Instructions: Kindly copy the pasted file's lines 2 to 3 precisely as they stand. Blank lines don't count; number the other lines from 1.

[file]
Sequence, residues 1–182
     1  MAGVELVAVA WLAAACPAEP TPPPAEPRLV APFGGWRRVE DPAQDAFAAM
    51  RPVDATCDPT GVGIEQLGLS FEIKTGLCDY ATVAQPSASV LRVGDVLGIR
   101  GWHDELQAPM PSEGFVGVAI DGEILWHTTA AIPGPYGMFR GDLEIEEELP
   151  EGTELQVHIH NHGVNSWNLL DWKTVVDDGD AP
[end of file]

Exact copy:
     1  MAGVELVAVA WLAAACPAEP TPPPAEPRLV APFGGWRRVE DPAQDAFAAM
    51  RPVDATCDPT GVGIEQLGLS FEIKTGLCDY ATVAQPSASV LRVGDVLGIR